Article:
July 23, 2013 – In the combined July/August issue of Wisconsin Lawyer magazine, available online and in mailboxes soon, Wisconsin’s high-profile case between two high-powered law firms is the backdrop for discussions on Internet marketing and privacy.
Cannon & Dunphy S.C., a personal injury firm, purchased keyword advertising with search engines Google, Yahoo! and Bing so Internet users would be directed to the firm’s website when those keywords were entered.
Interestingly, the purchased keywords were “Habush” and “Rottier,” partners in the competing firm, Habush Habush & Rottier S.C. As one can imagine, attorneys Habush and Rottier took offense, and sued Cannon & Dunphy for violations of privacy.
In his cover article, “Internet Keyword Advertising: Not a Violation of Right to Publicity,” Madison attorney John Gentry explains privacy law, the case, and the outcome, including what the case means for law firm Internet marketing in Wisconsin.
Fiedler Plans to Seize the Moment
Patrick Fiedler, a former judge now practicing law at Axley Brynelson LLP in Madison, started his one-year term as president of the State Bar of Wisconsin this month. And writer Diane Molvig caught up with him to explain how he’ll seize the moment.
“He acknowledges that if he were to take one of those pop-psychology stress quizzes, he’d earn a high score,” Molvig writes in “Patrick Fiedler: Seizing the Moment.”
“Leaving the bench and shifting into private practice wrought change enough. Still, he couldn’t pass up the chance to run for Bar president, on top of everything else, when that chance came along.”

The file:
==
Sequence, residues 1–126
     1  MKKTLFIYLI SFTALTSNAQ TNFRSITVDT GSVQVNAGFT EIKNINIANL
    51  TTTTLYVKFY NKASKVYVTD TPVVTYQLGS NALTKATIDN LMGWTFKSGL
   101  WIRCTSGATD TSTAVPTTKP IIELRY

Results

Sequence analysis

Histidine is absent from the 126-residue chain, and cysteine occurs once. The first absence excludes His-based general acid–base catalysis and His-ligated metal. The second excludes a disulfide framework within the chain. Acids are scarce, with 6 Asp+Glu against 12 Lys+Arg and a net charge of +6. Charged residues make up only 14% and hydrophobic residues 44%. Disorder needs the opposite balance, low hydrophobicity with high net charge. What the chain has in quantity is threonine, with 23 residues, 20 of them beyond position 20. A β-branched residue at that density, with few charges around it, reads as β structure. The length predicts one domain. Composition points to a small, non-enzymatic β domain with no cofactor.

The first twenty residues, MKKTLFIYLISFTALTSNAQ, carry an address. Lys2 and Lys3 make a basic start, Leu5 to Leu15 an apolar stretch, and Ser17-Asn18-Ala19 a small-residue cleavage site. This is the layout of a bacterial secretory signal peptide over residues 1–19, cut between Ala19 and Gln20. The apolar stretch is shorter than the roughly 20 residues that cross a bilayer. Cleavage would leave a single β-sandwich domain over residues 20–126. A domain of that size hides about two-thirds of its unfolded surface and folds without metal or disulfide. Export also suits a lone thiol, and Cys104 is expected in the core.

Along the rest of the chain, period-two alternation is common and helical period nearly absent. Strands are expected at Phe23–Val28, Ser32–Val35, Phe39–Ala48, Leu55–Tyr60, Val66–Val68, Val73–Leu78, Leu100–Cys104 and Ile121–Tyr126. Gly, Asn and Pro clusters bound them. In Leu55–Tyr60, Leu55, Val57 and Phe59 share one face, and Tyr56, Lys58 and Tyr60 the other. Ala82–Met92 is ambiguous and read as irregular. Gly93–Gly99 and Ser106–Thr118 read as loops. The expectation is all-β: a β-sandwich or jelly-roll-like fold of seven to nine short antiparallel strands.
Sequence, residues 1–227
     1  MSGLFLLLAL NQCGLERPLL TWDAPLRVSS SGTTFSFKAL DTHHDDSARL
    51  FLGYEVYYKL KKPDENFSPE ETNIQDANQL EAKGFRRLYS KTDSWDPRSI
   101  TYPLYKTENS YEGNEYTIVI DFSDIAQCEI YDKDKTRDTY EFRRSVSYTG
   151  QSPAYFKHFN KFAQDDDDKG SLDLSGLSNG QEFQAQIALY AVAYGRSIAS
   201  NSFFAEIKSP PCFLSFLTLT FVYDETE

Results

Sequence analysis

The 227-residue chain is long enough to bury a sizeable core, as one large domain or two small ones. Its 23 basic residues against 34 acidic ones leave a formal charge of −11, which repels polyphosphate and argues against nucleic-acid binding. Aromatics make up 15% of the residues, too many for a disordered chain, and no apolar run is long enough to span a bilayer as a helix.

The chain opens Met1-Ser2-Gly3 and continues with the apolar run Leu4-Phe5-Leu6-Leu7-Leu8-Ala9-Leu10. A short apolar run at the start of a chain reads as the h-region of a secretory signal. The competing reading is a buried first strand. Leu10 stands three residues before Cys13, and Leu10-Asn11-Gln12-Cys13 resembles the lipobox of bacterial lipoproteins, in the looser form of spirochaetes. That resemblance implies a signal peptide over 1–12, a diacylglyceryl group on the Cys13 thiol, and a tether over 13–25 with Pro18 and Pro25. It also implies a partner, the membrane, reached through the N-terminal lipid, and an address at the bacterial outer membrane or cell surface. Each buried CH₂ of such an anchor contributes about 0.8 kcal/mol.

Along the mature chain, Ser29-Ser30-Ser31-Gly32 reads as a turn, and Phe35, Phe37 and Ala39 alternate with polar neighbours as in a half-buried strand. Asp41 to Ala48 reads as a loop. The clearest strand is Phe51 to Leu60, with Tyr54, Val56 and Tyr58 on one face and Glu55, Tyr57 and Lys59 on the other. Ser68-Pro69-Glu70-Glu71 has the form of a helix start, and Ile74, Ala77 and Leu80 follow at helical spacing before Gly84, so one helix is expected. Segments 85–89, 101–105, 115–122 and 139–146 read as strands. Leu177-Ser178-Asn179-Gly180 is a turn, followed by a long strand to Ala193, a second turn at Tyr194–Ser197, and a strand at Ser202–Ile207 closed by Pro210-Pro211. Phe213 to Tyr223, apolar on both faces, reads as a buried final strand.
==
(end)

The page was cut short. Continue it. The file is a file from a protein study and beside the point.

Creditors, Debtors, and the UCC
If you deal with Article 9 of the Uniform Commercial Code – which governs the creation, perfection, priority and enforcement of security interests – be sure to catch “Revised UCC Article 9: Compliance Tips for Creditors and Debtors.”
“This article provides an overview of Article 9, explains the recent amendments, and offers tips for attorneys who must comply with article 9 now that the amendments have taken effect,” write Madison attorneys Norman Farnam and Krista Pleviak.
Choosing a Limited Liability Entity for Your Law Firm?
If so, then Madison attorneys Joseph Boucher and Jennifer Knudson have you covered in their 101 article, “Choosing a Limited Liability Entity: Which Form is Best for Your Law Firm?”
The article explains what limited liability entities are out there, the mechanics of forming one, and the advantages and protections they afford. The article also includes a helpful chart with tax comparisons between C Corps, S Corps, and Partnerships/LLCs.
“If you’re thinking about going solo or forming a firm, you can protect your business by organizing as a limited liability entity,” they write.
What Else is Inside the July/August Issue?
An On Balance column by Paula Davis-Laack on “7 Ways to Manage Stress and Thrive in the Law.” Top Tip? Get out of the weeds with habits, rituals, and systems to be more efficient.
Dean Dietrich’s Ethics column titled, “Airing Your Laundry: Don’t Use Social Media to Respond to Clients’ Negative Comments.” Dietrich, former chair of the State Bar’s Professional Ethics Committee, notes the potential pitfalls of using social media in your practice and the unethical temptations involved.
Tom Watson’s Managing Risk column explaining the risks of going solo to find legal work. The article notes the challenges for new law grads these days, and provides advice on what to consider for those thinking of hanging out a shingle.
A Technology column titled “Tech Game Changers: Tips, Trends, and Lessons Learned,” in which four lawyers and a law firm IT professional share what they learned at the 2013 ABA Techshow, including lessons learned.
A Marketing column by Michael Moore titled “Building a Law Practice in a New Location.” A daunting task, but Moore gives some insight for success.
A Final Thought from Kevin Palmersheim, who practices business law in Madison. In “Red Velvet Jacket or Navy Suit? Be Yourself (Within Reason),” Palmersheim explains how being yourself can improve happiness, but lawyers must temper their originality to legal situations that demand formality.